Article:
Omkar Joshi
Guest Article

Why does this digital agency want to kill the 'trending' creatives?

Schbang just published an open letter on Instagram urging fellow agency folk to ditch the 'trending' format of social media campaigns. Here's why.

The letter we wrote has really “trended” and I can’t begin to explain how much I’m LOL-ing to myself while writing this. This was about a monster we created, so, well, we had to talk about killing it. “We” being all of us in the digital world. The way it has shaken things up, I thought it was perfect timing to tell you the backstory to this letter. It’s an interesting one.

“Following Trends” is one of the first things taught to digital marketers today when they enter the gates of hell (the agency). Over time, catching it early “brings joy” and brownie points. It is about being aware of what people are talking about, listening to the consumer, like an always-on market research piece. If you listen carefully, it will tell you about their likes, dislikes, desires, fears and what not. With this information, make content for that audience which resonates loud and clear. It was quite simple.

A few months back, there was this sudden spurt in “same format” posts. That was a time when certain individual accounts, or meme pages, started something interesting. Agencies would catch it going viral, suggest a version to the brand and try to latch on to the trend. It was still fun then. Some popular first ones were the Really Really Post, The Meme Venn Diagram, For This For That on Instagram, and so on.

After a while, it became a cycle. A “format” trends, everyone makes their versions using the SAME hashtag, and at the end of the day, there is a mini hall-of-fame style showcase. And, God forbid if your post didn’t make the cut. Internal rivalries flourished as a result of this. It was amusing, really, because what was the brand really making out of this?

Omkar Joshi
Omkar Joshi

It became frustrating for agency teams since this took away the focus from true brand voice and creativity. Mimicking a format was becoming more important than originality. We were all celebrating a soft form of plagiarism. Just because we needed to maintain engagement rates, at whatever cost. And, of course, organic reach in the time of paid promotions. Clients were happy. That digital team is getting “earned media” when the showcase happens. They were not wrong in their place. We never conditioned them to fight the FOMO.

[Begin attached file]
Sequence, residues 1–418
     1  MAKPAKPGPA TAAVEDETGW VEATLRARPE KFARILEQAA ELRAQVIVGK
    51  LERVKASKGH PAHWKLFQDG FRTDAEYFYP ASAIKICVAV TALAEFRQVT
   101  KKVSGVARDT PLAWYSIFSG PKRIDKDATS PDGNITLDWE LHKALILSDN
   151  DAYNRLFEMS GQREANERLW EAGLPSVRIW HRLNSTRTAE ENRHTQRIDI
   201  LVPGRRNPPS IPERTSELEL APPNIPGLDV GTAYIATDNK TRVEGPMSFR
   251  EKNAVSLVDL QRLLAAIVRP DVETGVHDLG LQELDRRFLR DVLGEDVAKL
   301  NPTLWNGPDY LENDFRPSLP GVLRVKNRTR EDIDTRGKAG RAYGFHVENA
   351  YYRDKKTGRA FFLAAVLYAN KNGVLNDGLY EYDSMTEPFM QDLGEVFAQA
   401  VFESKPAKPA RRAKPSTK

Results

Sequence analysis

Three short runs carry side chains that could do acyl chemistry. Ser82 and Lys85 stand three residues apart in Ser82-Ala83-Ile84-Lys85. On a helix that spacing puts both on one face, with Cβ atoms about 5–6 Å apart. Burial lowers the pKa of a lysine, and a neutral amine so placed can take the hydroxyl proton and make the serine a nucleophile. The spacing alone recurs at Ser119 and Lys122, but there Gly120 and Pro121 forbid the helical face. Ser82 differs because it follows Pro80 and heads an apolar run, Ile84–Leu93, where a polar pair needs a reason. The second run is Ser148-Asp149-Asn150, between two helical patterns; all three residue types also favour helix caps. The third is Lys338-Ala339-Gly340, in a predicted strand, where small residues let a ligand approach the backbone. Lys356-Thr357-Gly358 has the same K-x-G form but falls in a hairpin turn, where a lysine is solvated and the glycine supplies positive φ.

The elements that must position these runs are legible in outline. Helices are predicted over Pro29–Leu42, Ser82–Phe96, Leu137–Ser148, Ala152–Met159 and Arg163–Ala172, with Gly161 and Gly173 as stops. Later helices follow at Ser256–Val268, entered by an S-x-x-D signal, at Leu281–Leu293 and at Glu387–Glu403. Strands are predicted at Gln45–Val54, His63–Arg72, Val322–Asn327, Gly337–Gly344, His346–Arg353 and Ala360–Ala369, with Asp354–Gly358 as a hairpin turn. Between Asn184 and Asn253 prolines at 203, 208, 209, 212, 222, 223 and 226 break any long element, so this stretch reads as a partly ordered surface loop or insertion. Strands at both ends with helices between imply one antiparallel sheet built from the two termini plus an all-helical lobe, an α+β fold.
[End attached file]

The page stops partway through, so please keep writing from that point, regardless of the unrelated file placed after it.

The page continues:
The bigger worry was how young teams were thinking. The core discussion in brainstorms was to crack a format that could trend, and not tell the brand story or message. For once, people stopped thinking about the most important person in this industry – the consumer.

It had killed creativity. Or rather suppressed it. (Creativity can neither be created nor destroyed.) I am sure young creatives in other teams have sneered at, mocked, felt frustrated about copying a current trending format, just so your brand doesn’t get left out.

In the process, the planning team’s calendar went for a toss. Dominoes falling.

I once posed a scenario internally.

Imagine you receive a video brief. You look at the latest trending video. Make your brand’s version of the same script, changing names, few dialogues and the end slate. Use the same hashtag, though. Send it proudly to the client saying this is on the lines of another brand’s trending format, please approve as it will get us likes and comments.

What happens? Yeah. Exactly.

Why should the expectation be lower on/from digital?

We needed some data, something to prove to ourselves first that we need to stop doing this now. We’re very ‘khurafati’ like that. We like to break things to see if they get put back together the same way. So, we thought, what if we started the trend? Can we control this? If we were successful, it would give us enough firepower to reduce the craving to trend without direction. We started with the Password Trend, Shortest Distance, and so on. Here, I’d like to give a big shoutout to our equally exciting client partners. They gave us the support we needed. The more it trended, the more we were convinced that this had to be curbed in some way. The engagement was real, nothing staged. But only the first post was truly original.

And then one fine evening, we decided. Let’s write a letter.

The big win for us as, an industry, is the response this letter has got. Everyone has unanimously supported it. Which means, well, we were all thinking this inside. Collectively, our people are clearly hungry to do “better” work. We just had to have their back. Some of the work our teams have done on brands like Fevicol and Unacademy are testament to the psyche of listening intently (to the consumer) and then creating content (for that consumer).

A lot of the talk about strategy and ideation will not be heard on public platforms. It’s a trade secret in a way. But the fundamentals of advertising will not change with new mediums. I am very excited to see how the industry responds in terms of the work that will come now. Let there be more celebration of real insights. There is no formula to getting great engagement. There is no substitute for the elusive creature that is “consumer insight”. There is only hope for great craft.

I've said enough and the industry people really don't need to be told more. Samajhdaar hain, ishaara kaafi tha.

I go back to the words of the great adman with the huge moustache...

Pakde rehna, yaaron. Chhodna nahin!

(The author is business head, Schbang Bangalore and ECD, Schbang, an integrated marketing agency.)